Law and technology
Google adwords and
european trademark Law
Is Google violating trademark law by operating its Ad Words system?
WheN the Dot-Com boom began in the late 1990s, many ana- lysts and observers proclaimed the death
of intermediation. Supply chains
seemed to become shorter and shorter as new B2C companies emerged in
Silicon Valley. These companies could
deal with their customers directly
over the Internet, rendering distributors, wholesalers, brokers, and agents
While some traditional middlemen
have indeed become less important as
Internet commerce has developed, we
have not seen a general death of intermediation. Rather, many new intermediaries have arisen on the digital landscape over the last 15 years. Just think
of Amazon, eBay, or Google. If all these
companies have been successful, it is
not because they have removed all barriers between producers and consumers. They have been successful because
they offer innovative services located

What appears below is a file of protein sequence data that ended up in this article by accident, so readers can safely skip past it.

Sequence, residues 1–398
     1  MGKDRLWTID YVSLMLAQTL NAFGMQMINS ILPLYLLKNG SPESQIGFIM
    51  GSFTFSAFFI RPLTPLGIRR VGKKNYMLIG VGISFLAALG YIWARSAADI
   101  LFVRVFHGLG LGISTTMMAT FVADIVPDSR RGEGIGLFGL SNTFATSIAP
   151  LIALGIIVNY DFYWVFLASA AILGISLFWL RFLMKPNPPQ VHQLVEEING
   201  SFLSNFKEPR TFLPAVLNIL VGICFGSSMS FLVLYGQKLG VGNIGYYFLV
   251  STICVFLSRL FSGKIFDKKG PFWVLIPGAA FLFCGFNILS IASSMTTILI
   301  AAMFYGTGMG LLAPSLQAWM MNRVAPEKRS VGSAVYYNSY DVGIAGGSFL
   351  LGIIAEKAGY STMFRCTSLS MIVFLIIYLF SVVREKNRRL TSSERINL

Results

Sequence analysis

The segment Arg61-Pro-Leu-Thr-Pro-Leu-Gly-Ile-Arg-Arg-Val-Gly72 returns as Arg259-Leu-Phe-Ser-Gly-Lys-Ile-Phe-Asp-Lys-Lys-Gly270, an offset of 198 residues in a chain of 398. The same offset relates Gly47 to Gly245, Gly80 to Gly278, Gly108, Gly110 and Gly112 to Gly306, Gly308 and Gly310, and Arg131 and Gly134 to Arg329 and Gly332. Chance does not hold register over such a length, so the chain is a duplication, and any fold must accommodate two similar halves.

between producers and consumers
along the digital supply chain.
The law often has a difficult time
coping with new intermediaries.
Should an Internet service provider be
held liable for violations of copyright
or criminal law committed by its cus-
tomers? Is Yahoo obliged to prevent
French consumers from accessing a
site where Nazi memorabilia is sold?
Can copyright holders compel peer-
to-peer file sharing systems to remove
copyrighted material or to screen for
such material? Are domain name reg-
istries required to check domain name
registrations for trademark violations?
Is eBay liable for counterfeit product
sales on its site? To what extent should
Google be allowed to offer excerpts
from copyrighted books in its Google
Book service without the consent of the
relevant rights owners?
PHO TOGRAPH BY GWENAëL PIASER